Slott: Well, as I said you could do both if you qualify for Roth contributions. But let's say you do, you don't, that doesn't really make a difference, it's just an add-on. Look at the 401(k) plan, the average 401(k). And they don't all offer all of these options. But look at it like it has four separate baskets. You have the traditional 401(k) funds. That's what most people are used to. That's pretax--that money hasn't been taxed. You get a deduction going in. Then you have the Roth 401(k) if they offer and lots more companies do offer it now: That's aftertax. But then they have these other two baskets, if they have it--the aftertax, which is not the Roth 401(k). It's a separate aftertax account where you could load up and then do this mega backdoor Roth to your Roth IRA. And then there's a fourth basket most companies have for matching contributions--that are always pretax.

So, yes, you could load up the Roth 401(k). But you could only go up to the deferral limit, the $19,500 for 2021, plus another $6,500 if you're 50 or over. If you want to go up to the $58,000, you'd have to do it in that aftertax account if you want to "mega" it, so to speak. So there's lots of options. But the bottom line is to mega it--by "mega," we mean increasing it to the max. Getting the $58,000 would have to involve maxing out on that aftertax account, not the Roth 401(k). It is confusing because they're both aftertax accounts. But the Roth 401(k) is limited to the deferral--the amount that comes out of your salary, which is $19,500 for '21 plus $6,500, if you're 50 or over--but that still leaves you somewhere around $38,000 you could put in the aftertax, again, back to what I said earlier, if you have the disposable income to put in there.

Benz: Right, that seems absolutely key. You referenced this in-plan distribution feature. What if a plan doesn't offer that? What are the options then? And what are the tax consequences in that situation?

Slott: Well, if they don't offer it, hopefully you could load up the Roth 401(k) for at least the deferral amount and maybe park that money in the aftertax account until you're eligible for a distribution. But most companies, it seems now--I know there was some studies done recently by Fidelity, they said about 90% of their plans offer it. If they have the aftertax, one of the great features of the aftertax account, not the Roth 401(k), is you could have in-service distributions. And you don't have to wait till 59.5, which you might have to wait, say, in the other accounts in that plan. So, you could be 40 and start doing this every year, taking advantage of the aftertax account and then rolling it to your own Roth IRA each year. And putting in essentially, if you have the money, up to $58,000 in your Roth, and if you qualify for the contribution, maybe another $6,000.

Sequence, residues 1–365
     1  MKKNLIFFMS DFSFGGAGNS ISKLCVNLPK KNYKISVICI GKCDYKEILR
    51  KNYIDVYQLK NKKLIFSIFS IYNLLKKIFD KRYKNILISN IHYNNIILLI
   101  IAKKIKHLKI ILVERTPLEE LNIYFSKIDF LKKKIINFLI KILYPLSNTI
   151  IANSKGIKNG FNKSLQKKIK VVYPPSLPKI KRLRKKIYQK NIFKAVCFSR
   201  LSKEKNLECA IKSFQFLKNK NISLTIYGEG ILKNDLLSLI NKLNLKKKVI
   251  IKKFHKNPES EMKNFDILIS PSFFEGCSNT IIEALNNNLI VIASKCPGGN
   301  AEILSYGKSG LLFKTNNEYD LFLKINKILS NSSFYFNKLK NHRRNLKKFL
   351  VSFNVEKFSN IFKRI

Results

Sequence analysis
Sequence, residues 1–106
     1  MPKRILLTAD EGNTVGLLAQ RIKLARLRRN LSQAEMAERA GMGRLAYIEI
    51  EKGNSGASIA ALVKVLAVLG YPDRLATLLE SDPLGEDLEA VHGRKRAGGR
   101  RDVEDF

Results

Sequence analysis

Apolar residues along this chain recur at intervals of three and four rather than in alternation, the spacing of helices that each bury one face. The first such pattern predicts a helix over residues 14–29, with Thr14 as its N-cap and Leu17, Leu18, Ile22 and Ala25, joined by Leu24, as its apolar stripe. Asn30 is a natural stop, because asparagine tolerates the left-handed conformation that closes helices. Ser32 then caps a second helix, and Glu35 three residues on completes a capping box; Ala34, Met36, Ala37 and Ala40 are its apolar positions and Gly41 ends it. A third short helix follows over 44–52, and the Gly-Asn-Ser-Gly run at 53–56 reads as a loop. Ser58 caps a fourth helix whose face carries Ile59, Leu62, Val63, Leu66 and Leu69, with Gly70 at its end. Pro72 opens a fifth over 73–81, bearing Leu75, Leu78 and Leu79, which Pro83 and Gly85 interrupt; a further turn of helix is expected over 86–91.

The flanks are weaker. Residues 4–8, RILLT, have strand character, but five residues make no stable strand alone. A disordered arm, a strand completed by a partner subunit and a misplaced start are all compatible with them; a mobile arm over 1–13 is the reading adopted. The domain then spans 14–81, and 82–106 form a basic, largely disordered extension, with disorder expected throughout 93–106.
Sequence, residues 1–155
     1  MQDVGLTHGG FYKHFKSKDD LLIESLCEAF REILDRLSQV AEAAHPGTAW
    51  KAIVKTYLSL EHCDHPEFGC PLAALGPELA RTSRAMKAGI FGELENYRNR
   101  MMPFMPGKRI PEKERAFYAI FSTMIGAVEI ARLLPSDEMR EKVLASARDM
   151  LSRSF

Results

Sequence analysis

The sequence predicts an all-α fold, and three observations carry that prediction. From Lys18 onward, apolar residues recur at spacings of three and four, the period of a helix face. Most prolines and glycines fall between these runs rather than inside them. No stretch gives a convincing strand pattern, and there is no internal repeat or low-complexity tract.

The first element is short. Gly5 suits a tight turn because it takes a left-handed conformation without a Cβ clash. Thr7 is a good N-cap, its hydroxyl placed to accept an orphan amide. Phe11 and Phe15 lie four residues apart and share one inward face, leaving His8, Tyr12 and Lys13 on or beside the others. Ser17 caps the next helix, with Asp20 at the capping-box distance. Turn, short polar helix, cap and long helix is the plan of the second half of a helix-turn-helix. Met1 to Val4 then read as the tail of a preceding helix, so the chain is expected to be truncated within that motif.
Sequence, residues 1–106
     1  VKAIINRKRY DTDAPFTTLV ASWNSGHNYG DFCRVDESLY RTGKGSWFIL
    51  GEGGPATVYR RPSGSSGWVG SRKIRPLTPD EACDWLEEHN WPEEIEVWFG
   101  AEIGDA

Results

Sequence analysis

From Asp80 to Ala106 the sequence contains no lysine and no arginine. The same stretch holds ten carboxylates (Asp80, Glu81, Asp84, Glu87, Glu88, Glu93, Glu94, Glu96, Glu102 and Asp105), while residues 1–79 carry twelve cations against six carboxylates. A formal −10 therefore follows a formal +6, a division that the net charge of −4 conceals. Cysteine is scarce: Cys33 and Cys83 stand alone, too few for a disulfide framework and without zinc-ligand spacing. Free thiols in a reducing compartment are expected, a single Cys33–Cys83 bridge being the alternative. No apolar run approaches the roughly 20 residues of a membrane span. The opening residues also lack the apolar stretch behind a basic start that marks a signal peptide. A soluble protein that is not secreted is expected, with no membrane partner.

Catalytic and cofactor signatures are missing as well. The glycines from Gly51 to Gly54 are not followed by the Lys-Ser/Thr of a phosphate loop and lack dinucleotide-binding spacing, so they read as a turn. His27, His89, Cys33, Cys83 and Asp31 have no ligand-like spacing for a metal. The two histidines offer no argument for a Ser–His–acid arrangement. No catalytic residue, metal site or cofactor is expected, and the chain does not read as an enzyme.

Benz: You referenced a few times, Ed, that this is for high-income, heavy-savers. You need to have a lot of income to be able to take advantage of this feature. Seems like for people in that situation, they really have a fork in the road where they could do these aftertax 401(k) contributions or the other option for the overage would be to simply save in a taxable brokerage account or something like that. Can you talk us through which is the better option?

Slott: Well, the better option's always going to be the aftertax because that can go into a Roth and grow tax-free. Taxable accounts, even if you get favorable capital gains rates, still are going to be taxed, maybe at a lower rate. And we don't even know what the future on that is with pending legislation. But it will be tax. Plus, you have administrative tax reporting--every time you buy and sell that's reported in a taxable account. You can buy and sell all day in a retirement account--in the aftertax or in your Roth IRA--and that doesn't have to be reported anywhere. And when the money comes out, eventually, if you qualify, have it for five years, and you're 59.5, it's all tax-free. So you can't beat a 0% rate.

Benz: How about prior to age 59.5? Can you walk us through? Someone's paid taxes on these funds. Do they have access to them in any fashion prior to retirement age?

Slott: Well, generally, you have to have the five years or 59.5. Let's go back to the Peter Thiel story because it's not over yet. Everybody's talking about his $5 billion in his Roth IRA. But remember, Roth IRAs are included in the estate. Now, from what I understand, I may be off, I think he's 53, 54 years old--he can't touch any of that money in his Roth until he's 59.5, except his $2,000. His $2,000 he could get out because that's his contribution. You could always take that out tax- and penalty-free at any time, for any reason. So he has access to the $2,000. The $5 billion, he'll have to wait. So, maybe we'll set up like a GoFundMe page to get him, you know, as a bridge loan, to get him to 59.5 or something. But he can't touch the rest of that money. It's all earnings without tax and a penalty 'til 59.5. By then, it might be worth $10 billion. And if he lives a long and healthy life, and he lives well into his 80s, let's say, it could be worth $50 billion, but at some point, the government's going to get a good cut of that through estate tax.

Benz: Ed, great information as always. Thank you so much for taking the time to be here.

Slott: Thanks, Christine.

Benz: Thanks for watching. I'm Christine Benz from Morningstar.